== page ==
Can You Take Allergy Medicine While Pregnant?

Pregnant woman taking medicine in living room

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Seasonal allergies can be tricky to manage in the best of times, but when you’re pregnant (and sniffling, and sneezing, and itchy all over), staying on top of your allergy symptoms feels like a major effort. 

You don’t want to take anything that could harm your baby, but you also can’t spend any more days walking around in an allergy-induced fog. What is safe to take for your allergies while pregnant and what isn’t? Here’s a breakdown of your options.

What Allergy Medications Are Safe?

Thankfully, there are more allergy medications that are safe to take than ones that aren’t, so you don’t have to suffer with miserable allergy symptoms just because you’re pregnant. Many over-the-counter antihistamine medications and nasal steroid sprays are safe to take in pregnancy, says OBGYN Danielle Jones, MD, of Mama Doctor Jones.

Oral Tablets
  • loratadine (Claritin)

  • cetirizine (Zyrtec)

  • fexofenadine (Allegra)

  • diphenhydramine (Benadryl)

Nasal Sprays
  • budesonide (Rhinocort)

  • mometasone (Nasonex)

  • fluticasone (Flonase/Veramyst)

“Most allergy medications listed above will have relatively little effect on the pregnancy and contain the same risk and benefit profile for the person taking it as if they were not pregnant,” says Dr. Jones.

Choosing an Allergy Medication

Once you know which medications are safe to take, you’ll have to figure out which one will work the best for you. If your allergies are chronic or environmental (like mold or pet dander, for example), you may want to find an antihistamine you can take every day, such as Claritin or Zyrtec.

Seasonal allergies can also be treated this way, but if your symptoms are very infrequent, Benadryl is a good, super-safe choice.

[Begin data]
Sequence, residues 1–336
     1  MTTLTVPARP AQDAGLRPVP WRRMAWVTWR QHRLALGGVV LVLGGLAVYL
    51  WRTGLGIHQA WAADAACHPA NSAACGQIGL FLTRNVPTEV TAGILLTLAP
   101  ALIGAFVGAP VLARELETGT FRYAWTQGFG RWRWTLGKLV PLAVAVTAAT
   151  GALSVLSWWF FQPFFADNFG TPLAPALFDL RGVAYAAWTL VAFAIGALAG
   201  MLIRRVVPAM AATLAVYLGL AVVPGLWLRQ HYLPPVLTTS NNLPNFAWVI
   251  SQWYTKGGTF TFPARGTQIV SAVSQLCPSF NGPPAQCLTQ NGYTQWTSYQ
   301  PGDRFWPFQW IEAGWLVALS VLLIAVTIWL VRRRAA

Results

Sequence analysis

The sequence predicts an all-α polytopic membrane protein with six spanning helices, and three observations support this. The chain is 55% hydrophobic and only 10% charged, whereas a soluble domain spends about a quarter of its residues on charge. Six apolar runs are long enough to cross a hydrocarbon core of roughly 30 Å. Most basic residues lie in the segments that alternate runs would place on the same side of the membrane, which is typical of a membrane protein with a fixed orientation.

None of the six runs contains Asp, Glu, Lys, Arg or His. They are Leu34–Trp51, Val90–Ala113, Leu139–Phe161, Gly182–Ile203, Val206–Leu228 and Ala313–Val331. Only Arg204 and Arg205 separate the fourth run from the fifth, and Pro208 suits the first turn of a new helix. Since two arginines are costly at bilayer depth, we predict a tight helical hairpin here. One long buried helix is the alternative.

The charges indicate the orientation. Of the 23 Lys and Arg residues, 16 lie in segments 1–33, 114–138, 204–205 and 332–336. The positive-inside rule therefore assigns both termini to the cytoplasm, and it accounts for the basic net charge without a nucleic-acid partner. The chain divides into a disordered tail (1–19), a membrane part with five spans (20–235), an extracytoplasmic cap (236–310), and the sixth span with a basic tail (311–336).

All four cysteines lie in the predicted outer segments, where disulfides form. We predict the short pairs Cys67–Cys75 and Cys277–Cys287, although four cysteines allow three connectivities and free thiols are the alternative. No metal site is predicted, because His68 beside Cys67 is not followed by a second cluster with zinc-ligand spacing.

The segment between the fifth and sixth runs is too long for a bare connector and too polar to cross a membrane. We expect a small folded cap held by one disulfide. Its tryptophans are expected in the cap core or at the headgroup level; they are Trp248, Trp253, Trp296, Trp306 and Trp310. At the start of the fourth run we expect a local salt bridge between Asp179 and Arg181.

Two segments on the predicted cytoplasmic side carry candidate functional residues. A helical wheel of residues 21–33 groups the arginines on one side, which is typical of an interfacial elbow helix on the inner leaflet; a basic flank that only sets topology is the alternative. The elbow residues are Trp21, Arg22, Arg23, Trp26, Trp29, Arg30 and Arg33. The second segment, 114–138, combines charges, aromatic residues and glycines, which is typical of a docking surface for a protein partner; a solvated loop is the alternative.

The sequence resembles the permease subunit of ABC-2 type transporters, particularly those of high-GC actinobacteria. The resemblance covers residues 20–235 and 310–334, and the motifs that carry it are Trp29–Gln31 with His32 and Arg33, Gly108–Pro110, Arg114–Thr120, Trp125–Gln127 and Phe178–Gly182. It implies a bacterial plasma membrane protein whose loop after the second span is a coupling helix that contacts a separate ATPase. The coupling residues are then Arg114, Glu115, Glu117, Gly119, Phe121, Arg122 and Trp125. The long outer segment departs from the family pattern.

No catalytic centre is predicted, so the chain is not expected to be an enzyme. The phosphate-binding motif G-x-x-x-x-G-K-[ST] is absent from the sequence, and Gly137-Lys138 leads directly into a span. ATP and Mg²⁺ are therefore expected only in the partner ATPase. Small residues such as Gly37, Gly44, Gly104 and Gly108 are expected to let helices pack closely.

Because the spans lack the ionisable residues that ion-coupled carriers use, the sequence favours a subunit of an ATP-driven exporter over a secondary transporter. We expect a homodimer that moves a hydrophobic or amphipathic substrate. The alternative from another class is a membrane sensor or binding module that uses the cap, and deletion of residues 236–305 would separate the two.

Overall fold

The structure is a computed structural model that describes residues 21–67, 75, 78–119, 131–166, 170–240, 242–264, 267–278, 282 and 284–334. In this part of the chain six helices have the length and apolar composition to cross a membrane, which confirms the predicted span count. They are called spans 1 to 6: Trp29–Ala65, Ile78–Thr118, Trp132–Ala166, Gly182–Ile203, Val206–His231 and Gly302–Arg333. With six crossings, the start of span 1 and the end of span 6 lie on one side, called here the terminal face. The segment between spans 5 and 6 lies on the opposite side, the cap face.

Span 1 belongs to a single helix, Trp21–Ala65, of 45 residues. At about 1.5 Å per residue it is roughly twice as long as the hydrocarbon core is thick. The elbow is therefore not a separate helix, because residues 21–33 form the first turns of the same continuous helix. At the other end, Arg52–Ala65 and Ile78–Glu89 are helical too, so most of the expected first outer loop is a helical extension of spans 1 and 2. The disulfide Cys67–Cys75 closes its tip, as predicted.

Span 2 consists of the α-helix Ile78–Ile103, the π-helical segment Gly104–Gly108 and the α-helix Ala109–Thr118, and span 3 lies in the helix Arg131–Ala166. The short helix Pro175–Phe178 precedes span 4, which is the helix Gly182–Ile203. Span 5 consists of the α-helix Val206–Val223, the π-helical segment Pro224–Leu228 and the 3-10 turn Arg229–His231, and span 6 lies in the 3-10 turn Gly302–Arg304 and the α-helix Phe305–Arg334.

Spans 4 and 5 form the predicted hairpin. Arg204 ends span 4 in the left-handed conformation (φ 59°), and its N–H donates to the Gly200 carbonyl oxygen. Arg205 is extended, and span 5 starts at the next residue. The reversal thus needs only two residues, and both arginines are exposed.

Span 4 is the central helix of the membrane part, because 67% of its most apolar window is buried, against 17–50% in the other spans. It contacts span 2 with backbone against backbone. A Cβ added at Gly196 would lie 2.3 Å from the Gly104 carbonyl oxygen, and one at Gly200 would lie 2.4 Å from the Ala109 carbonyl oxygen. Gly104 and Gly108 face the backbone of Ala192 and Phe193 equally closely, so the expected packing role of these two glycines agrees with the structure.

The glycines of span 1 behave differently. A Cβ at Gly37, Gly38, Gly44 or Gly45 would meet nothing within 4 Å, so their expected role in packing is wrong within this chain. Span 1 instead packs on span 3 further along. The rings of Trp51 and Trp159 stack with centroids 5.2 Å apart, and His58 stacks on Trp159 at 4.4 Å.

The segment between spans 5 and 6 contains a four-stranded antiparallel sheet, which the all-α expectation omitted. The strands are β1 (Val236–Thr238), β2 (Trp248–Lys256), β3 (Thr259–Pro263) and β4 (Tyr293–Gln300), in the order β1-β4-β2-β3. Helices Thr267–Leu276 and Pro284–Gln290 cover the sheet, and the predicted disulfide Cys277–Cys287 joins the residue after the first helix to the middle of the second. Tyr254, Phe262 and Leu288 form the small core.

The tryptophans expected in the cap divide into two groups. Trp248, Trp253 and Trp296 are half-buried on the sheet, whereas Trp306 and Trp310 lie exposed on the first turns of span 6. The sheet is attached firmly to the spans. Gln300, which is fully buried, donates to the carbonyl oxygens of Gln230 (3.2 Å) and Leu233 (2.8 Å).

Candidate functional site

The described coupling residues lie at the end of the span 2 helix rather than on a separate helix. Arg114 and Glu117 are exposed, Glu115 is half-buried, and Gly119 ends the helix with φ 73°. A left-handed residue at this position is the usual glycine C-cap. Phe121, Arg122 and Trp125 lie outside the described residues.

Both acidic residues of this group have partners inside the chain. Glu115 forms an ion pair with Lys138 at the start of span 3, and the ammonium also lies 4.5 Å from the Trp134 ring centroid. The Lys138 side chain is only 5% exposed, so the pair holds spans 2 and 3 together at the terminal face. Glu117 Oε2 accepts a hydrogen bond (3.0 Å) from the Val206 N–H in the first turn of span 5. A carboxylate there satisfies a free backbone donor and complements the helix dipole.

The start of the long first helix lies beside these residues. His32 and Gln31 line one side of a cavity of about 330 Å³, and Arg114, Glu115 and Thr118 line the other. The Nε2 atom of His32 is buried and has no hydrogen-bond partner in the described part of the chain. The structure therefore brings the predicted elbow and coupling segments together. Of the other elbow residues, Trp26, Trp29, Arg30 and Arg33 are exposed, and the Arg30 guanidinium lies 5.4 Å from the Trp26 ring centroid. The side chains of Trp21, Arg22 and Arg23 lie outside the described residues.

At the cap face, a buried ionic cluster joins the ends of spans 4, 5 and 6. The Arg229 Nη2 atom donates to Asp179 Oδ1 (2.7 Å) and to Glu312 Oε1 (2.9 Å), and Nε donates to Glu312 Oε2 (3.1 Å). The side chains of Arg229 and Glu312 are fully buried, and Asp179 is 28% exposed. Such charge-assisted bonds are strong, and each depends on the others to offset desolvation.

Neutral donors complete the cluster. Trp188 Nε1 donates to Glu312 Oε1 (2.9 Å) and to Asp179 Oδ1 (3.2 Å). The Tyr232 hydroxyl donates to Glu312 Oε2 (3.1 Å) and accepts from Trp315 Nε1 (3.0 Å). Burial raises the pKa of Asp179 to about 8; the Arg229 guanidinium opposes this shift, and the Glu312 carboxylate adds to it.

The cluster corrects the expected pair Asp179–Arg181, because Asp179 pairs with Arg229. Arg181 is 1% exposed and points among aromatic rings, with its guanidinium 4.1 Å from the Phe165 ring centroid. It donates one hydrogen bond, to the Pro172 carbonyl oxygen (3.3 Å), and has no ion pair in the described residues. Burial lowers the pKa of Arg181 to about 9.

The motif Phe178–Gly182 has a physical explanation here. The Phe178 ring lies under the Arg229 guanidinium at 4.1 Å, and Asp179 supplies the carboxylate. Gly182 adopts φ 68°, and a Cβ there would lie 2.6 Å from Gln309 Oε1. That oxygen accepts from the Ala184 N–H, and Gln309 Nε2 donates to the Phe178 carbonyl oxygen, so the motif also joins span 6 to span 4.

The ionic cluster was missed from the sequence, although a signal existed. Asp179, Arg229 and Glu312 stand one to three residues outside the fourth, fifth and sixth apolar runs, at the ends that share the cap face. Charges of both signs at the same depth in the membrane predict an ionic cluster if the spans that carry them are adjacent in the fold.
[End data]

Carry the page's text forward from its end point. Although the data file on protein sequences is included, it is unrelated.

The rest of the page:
Benadryl can make you excessively drowsy, so be careful of when you take it; if you’re not sure how it will affect you, don’t take a dose before driving. If it makes you sleepy, save your dose for the evening hours, before bedtime. (As an added bonus, it may help you sleep better!)

If you suffer from sinus pain or pressure during allergies, one of the nasal steroid sprays can be a good option. Pregnant women often end up with excess nasal congestion anyway, thanks to an increase in fluid and blood volume (it can cause swelling everywhere, not just in your ankles!); a nasal steroid can help relieve some of these additional symptoms.

Allergy Medications to Avoid

While most antihistamines are safe to take during pregnancy, some other medications often used to treat allergy symptoms may not be. Expectant moms should be mindful of combination allergy formulas that include other ingredients unsafe for pregnant women, like aspirin or other NSAIDs, and some cough suppressants or expectorants. 

You should also take care to avoid allergy medications with decongestants like pseudoephedrine (Sudafed), says Dr. Jones, unless your physician or midwife has approved it. 

“Although decongestants are unlikely to cause problems with the fetus, they can cause an increase in blood pressure in certain individuals,” Dr. Jones explains.